Max Kakacek (Smith Westerns) and drummer Julien Ehrlich (Unknown Mortal Orchestra) have combined to form Whitney. Their new album is sweet, a little brassy and conjures the best of ’70s soft rock. They’re at Holocene on Aug. 3.
Welsh songwriter Cate Le Bon breathes some much-needed ethereal eccentricity into this year’s pop offerings with her leisurely, wry take on folk and pop music. The accomplished songwriter has been something of a fixture in the indie and art pop scene, touring circuits since the late 2000s. Reward is Cate Le Bon’s new album on Brooklyn label Mexican Summer, and is strikingly original, possibly the most thoughtfully-composed pop albums of the year.
Stylistically, Cate Le Bon has all the trappings of a fiercely idiosyncratic craftsperson who is trying to make timeless music, rather than someone making music that sounds like the product of a scene. Her droll voice, which enunciates lyrics (in both English and Welsh) with such a plain and innocent matter-of-factness, always seems to stand perfectly alone, content to be unadorned and occupy a humble space. It is a distinct singing voice in the best way. One could say it evokes Robert Wyatt’s plaintive timbre, which sounds so strangely fragile the first few times you hear it, but becomes compelling with a combination of vulnerability and bravery.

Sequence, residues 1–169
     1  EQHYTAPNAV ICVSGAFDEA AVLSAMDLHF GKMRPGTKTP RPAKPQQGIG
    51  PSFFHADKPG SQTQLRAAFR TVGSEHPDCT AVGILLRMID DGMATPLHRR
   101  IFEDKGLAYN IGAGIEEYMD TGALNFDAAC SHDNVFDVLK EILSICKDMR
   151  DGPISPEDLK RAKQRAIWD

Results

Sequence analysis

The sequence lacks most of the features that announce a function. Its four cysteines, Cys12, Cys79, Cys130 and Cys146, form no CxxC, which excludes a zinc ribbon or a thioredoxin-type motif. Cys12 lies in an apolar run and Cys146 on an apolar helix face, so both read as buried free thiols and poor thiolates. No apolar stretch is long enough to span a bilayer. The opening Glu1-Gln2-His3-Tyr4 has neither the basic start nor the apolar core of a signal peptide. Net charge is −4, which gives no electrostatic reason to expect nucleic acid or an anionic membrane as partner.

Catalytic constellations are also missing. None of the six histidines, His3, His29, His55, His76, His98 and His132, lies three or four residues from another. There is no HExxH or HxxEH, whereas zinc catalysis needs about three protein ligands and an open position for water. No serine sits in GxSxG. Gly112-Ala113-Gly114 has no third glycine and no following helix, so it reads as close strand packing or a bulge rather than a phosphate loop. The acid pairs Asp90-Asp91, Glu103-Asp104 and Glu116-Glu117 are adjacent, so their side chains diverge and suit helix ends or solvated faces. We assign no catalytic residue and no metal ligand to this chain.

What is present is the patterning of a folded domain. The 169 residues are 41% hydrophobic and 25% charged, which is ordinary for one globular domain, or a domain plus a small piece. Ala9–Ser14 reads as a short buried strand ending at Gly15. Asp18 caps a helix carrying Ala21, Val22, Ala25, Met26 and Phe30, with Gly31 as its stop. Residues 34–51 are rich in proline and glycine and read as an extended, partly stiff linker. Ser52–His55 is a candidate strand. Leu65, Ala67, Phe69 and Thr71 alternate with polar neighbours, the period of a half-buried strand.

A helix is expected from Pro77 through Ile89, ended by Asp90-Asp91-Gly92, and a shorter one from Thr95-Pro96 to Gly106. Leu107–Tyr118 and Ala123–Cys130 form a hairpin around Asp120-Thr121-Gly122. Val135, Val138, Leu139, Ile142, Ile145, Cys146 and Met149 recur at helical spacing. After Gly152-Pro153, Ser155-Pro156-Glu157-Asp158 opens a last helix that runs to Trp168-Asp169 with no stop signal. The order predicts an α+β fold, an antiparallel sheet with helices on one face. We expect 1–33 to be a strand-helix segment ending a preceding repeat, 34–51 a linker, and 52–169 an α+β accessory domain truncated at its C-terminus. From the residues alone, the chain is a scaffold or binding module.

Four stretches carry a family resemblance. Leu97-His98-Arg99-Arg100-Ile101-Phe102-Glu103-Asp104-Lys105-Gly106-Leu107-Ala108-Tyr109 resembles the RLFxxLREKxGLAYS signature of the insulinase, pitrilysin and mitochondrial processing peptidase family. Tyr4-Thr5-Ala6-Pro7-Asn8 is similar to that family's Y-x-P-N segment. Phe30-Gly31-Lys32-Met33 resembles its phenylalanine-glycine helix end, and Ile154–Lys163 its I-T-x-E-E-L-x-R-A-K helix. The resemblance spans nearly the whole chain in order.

Le Bon’s unique voice fits well with the intricate, leisurely arrangements that house it, favoring saxophones, unconventional percussion, and the piano to give a minimal, organic ambience. Le Bon’s calming voice often disguises hidden depths, such as the brooding and meditative song off Reward, “Here it Comes Again,” where the narrator urges us again and again to “set in a frame” a series of downcast, ghostly images that reflect their soul’s melancholy. “Half-draped eyes in a liquid night fall apart anew, too,” they remind us. Much of Le Bon’s music seems to comment on solitude and loneliness. And yet, it excels at keeping a light tone that doesn’t sound overly sad as it lays out gently philosophical images and ideas like “love neglected by reward” (“Miami” aims high for a song with so few actual words). There needs to be more pop like this in the world.